Essentially Kids 12th June 2014
We recently had a teenage boy babysit our three young sons but when we mentioned this to other people, we were met with some rather surprising responses.
‘What if he doesn’t know what to do?’; ‘what if he invites friends around?’; ‘what if they need a cuddle?’
Peter* came highly recommended by his mother, who also happened to be one of my son’s favourite teachers at school. Knowing and trusting her, influenced our decision, and the fact that my eldest had heard about Peter from his mum and thought he sounded “super cool” clinched it.
When the night rolled around, the older boys were excited, the youngest less so - for all of five minutes until Peter asked what their favourite game was. After this he had them wrapped around his little finger, each attempting to convince him of the superiority of their choice.
When we got home (to a house in one piece) he reported that they had behaved brilliantly, not fighting, brushing their teeth on command, and going to bed quietly – more than I ever manage. The next morning the boys were tumbling over each other to tell us where Peter went to school, his favourite food, what sports he plays, what he wants to study at uni. I’m surprised we weren’t told the colour of his toothbrush. They asked when he was coming back again.
Fiona Paris, a mum of two boys, had a similar positive experience when she employed a young male neighbour to babysit one night after his sister was unable to. Her boys are now so attached to him that they constantly pester her about when Marco* is next coming over.
Fiona likes “the sense of community and familiarity the bond creates. Since we don’t have family nearby it helps the boys feel attached to our street and suburb.” When asked what it is about Marco the boys like, Fiona recounts a story of him writing the boys out some “very simplified” problems from his pure maths class at uni. “The boys were delighted and felt proud to be taught something so grown up.” For her part, Fiona enjoys the positive influence Marco’s friendship subtly exerts on the boys; “I like the boys seeing him as an example of a motivated and focused young man who is great fun and close to his family.”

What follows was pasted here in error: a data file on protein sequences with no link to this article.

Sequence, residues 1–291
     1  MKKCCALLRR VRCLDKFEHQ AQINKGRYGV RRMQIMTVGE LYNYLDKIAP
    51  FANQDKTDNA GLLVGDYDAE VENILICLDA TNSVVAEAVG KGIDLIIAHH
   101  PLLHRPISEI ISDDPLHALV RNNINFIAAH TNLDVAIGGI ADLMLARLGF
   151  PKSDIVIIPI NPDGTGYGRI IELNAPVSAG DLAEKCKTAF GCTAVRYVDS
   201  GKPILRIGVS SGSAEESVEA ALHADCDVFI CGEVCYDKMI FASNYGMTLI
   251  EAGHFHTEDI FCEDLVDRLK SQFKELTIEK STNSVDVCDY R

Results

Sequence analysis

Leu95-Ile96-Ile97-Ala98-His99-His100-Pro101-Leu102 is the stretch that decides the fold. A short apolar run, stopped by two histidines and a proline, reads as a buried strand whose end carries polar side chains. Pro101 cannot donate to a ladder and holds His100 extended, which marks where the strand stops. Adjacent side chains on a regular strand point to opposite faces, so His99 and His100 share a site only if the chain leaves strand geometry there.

Dr Marcelle Moore, a child and family Clinical Psychologist describes this role model situation as, “engagement with a figure whose life seems more tangible in so many ways, than that of parents or teachers who are busy with work and adult responsibility. It is very important for young boys to have access to someone who will motivate and inspire them by example rather than by simply listing a set of instructions. The teenage boy can speak their language and engage with them naturally in a way that can sometimes be effortful with parents”, says Dr Moore. She adds, “If boys see a young man modelling politeness, confidence and responsibility it can be more effective than simply being told that’s how they should behave. Their emotional development will also benefit from seeing a young male in a nurturing role, a welcome change from the common expectation to be unemotional and detached.”
Jayden Auston, an educator at Pippies at Balmoral Childcare Centre in Mosman is aware of the benefits of encouraging an emotional response in boys. He says, “I love sharing my interest in sport and following a healthy lifestyle with the kids.” Jayden believes in educating by example, which means the beginning of every week will often find him surrounded by boys desperate for an account of his Saturday soccer match.
Chris and Brooke are two mums whose sons “have enjoyed and benefited from having Jayden as a teacher at Pippies. They are active young boys, they affiliate with him,” says Brooke. To emphasise her point she adds, “Only this morning my son asked to take his ‘man of the match trophy’ from soccer over the weekend to show Jayden, saying, ‘He plays football as well and will be proud.’” Chris adds that her son “adores Jayden and because of that he listens to him really well and gives him his full attention.”
This strong bond between Jayden and the boys he nurtures and guides through their first experience of being away from their home environment is no surprise to the centre’s owner and hands-on Director, Pip Wrench-Podvinek. She made a conscious decision when she opened Pippies 13 years ago to employ male educators “to provide a balance for the children, their families and the staff.” The feedback that she has received about employing male educators has “always been wonderful.” Pip works hard to find young men like Jayden who have “a natural rapport with the children” which she believes is paramount to providing an “effective and fun beginning of their educational journey.”
Children are now growing up amid a maelstrom of ever-changing fads and celebrity scandal, the negative effects of which can leach into the collective consciousness among children despite parent’s best efforts. A steadying influence and role model whose life is inspiring yet tangible seems hugely important to this generation of boys.
My eldest said to me last week, ‘I think you should go out more’, clearly wanting more time with his new idol. Seeing as his new idol is mature, eloquent, responsible and fun makes me inclined to agree.
Julia Cahill is a freelance writer, blogger and mum. She writes about life at www.juliacahillswords.com